Students take initiative, create school magazines |

Students take initiative, create school magazines

Amy Hamilton

It’s not often that students get excited to do more than the required classwork, but some fourth-grade students at East Elementary School are bucking that perception.

Two students, who were up for a challenge recently, started their own magazine causing fellow classmates to follow suit. By reporting on everything that moves at the elementary school and taking the initiative to delve into some controversial and touchy subjects, students are soaking up the rewards of seeing their work in print.

“We wanted to get news from all through the school because if something happened and nobody knew about it then people would say ‘What are you talking about?'” said fourth-grade student Jane Spann.

Spann and classmate Kelly Ciesco decided to create a magazine as an extension of the reading and writing they practice in class.

November’s first edition hit the classroom recently and spurred a number of other students to create their own versions. Collectively the class has produced eight magazines with topics that run the gamut from sports and profiles to recipes and jokes.

“We needed a challenge for reading and writing,” Ciesco said. “You have to be very dedicated to do this. People say, ‘Wow’ when they seen what we’ve done. They can open it up and see what’s happening this week.”

Students get story ideas for the magazines by gathering information from the Internet or interviewing classmates or teachers. Many submissions are complete with pictures that students have cut and pasted onto the pages. The pages are photocopied, stapled and then distributed to students who sign up to receive them.

In one magazine, named “Sports of America” students Dustin Willey and Xavier Peed show their love of sports with an issue dedicated to sports stars.

In it they feature basketball professional Shaquille O’Neal, snowboarder, Mark Fawcatt and Seattle Mariner’s Ichrio Suzuki.

“In Japan Ichrio is a legend to young children. He’s one of the HOTTEST baseball stars ever,” the students wrote. “He plays for the Seattle Mariners and is number 51 on his team. Ichiro has baseball fever.”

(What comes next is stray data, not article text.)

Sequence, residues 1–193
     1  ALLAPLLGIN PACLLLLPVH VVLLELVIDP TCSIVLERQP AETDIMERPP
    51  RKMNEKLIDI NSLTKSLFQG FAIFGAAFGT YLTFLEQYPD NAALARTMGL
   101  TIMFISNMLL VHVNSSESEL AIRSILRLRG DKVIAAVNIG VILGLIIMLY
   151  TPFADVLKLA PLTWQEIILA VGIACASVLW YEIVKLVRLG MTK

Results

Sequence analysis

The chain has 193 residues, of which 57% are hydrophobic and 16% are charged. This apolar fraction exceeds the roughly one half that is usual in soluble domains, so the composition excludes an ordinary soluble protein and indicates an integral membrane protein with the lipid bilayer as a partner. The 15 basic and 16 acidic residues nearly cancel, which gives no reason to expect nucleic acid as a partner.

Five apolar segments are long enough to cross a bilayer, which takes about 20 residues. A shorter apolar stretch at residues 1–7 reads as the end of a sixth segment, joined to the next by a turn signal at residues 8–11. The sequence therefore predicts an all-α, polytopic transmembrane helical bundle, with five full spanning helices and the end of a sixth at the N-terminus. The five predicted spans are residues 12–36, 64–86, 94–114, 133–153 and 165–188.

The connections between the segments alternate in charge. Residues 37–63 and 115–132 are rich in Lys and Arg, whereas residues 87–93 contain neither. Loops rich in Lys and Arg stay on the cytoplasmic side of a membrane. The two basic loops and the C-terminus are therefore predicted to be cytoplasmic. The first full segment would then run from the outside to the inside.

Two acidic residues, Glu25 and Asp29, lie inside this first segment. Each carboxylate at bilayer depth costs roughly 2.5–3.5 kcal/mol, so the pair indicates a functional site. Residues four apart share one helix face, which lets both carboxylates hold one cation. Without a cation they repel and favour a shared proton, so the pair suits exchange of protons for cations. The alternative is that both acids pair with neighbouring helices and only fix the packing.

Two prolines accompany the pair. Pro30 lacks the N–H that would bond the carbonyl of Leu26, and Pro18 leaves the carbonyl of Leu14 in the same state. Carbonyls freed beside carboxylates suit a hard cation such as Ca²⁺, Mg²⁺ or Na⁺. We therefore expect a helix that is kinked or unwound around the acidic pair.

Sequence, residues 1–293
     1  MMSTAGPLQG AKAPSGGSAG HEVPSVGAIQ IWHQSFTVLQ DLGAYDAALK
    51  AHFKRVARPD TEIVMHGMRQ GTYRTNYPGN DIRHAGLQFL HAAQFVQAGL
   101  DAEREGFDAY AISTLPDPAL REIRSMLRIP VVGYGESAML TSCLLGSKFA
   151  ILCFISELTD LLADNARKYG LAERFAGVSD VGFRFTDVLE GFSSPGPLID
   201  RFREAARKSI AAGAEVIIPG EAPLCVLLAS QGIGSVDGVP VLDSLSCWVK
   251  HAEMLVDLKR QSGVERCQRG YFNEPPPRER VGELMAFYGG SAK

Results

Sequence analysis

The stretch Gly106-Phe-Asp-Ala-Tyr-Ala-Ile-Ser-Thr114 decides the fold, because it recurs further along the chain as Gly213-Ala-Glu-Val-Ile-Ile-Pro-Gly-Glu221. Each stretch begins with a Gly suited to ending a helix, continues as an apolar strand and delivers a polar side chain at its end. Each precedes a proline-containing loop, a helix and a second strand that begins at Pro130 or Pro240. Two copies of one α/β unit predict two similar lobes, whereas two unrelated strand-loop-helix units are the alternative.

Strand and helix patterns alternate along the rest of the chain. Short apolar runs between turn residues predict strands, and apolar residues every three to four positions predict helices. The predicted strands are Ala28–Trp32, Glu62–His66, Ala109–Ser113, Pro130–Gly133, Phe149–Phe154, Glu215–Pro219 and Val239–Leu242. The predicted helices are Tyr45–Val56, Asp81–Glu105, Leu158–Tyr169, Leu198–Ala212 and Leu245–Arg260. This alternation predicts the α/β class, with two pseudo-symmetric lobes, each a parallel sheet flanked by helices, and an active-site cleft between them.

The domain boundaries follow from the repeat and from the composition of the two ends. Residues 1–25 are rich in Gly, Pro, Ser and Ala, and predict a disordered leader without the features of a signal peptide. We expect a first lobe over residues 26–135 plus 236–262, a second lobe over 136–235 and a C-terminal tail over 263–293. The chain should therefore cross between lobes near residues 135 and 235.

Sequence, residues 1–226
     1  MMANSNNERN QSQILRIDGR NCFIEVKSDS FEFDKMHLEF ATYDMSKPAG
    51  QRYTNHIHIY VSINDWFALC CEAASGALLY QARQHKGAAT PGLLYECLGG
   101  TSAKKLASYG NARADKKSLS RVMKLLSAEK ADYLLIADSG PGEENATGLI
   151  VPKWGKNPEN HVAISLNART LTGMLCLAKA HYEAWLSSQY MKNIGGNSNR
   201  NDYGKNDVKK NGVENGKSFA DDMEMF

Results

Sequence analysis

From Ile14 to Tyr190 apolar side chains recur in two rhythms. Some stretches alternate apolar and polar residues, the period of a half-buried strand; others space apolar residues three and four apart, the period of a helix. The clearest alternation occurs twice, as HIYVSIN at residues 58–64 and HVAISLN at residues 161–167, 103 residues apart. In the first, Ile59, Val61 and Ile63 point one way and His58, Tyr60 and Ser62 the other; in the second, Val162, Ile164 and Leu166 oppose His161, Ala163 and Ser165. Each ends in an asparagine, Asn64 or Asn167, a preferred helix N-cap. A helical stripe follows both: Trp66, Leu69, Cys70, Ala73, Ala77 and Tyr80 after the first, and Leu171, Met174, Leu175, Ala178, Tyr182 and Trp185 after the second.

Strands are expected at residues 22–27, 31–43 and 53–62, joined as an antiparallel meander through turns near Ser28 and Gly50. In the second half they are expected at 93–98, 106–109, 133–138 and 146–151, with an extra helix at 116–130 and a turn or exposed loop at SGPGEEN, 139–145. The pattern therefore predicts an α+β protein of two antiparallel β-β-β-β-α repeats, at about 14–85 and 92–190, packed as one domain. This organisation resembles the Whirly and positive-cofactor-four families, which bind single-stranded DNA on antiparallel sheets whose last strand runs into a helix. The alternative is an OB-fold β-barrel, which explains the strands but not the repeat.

But in addition to featuring the highly publicized professional players, Willey and Peed took advantage of an interview they could easily get.

Under the heading “Football Freak!” the duo interviewed classmate Mason Updike.

“Mason Updike is one of the most extreme football players at East Elementary School,” they wrote. “Mason is one of the fastest kids at East. His favorite position is quarterback and favorite player is Michael Vick. Mason really loves football.”

As students took to the task of gathering school news, they began to question a school policy that allowed girls but not boys to wear hats. Fourth-grade students posted petitions around school to gauge input on the issue and then delivered the results to school principal Diana Cook.

In another instance, students wrote a short, poignant column on divorce.

“Sometimes parents get a divorce because they grow apart or their love for each other has changed over the years or they fight too much,” it states. “Most couples have different reasons to get a divorce. This is for sure, kids cannot cause a divorce. Kids can’t cause a divorce because they didn’t do anything to ruin their marriage or make them fight.”

As the students catch onto the writing bug some said they wanted to be writers when they grew up.

“Once you start, you kind of get into a rhythm,” Peed explained.

Fourth-grade teacher Judy Foster couldn’t be prouder of her self-motivated students.

“We needed something to stretch our brains,” she said. “This is something they’ve done totally on their own.”

Soon the class hopes to get a digital camera to make the magazine-making process smoother, Foster said.

“These could be the future leaders,” she said proudly. “You guys are going to be that type of adult.”

The prospect of having motivated, inquisitive students in her school is twofold, said principal Diana Cook.

“They are trying to find the boundaries and find out the reasons behind them,” said Cook. “We all want to raise independent thinkers now it’s kind of scary.”

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